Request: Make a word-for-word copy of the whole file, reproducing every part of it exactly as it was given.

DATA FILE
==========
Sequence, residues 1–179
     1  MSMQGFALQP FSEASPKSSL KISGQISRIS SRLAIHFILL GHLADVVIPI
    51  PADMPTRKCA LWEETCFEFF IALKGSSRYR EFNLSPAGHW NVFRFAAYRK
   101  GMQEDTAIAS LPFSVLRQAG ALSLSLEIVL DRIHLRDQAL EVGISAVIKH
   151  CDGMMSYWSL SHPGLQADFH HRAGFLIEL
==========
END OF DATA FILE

Sequence, residues 1–179
     1  MSMQGFALQP FSEASPKSSL KISGQISRIS SRLAIHFILL GHLADVVIPI
    51  PADMPTRKCA LWEETCFEFF IALKGSSRYR EFNLSPAGHW NVFRFAAYRK
   101  GMQEDTAIAS LPFSVLRQAG ALSLSLEIVL DRIHLRDQAL EVGISAVIKH
   151  CDGMMSYWSL SHPGLQADFH HRAGFLIEL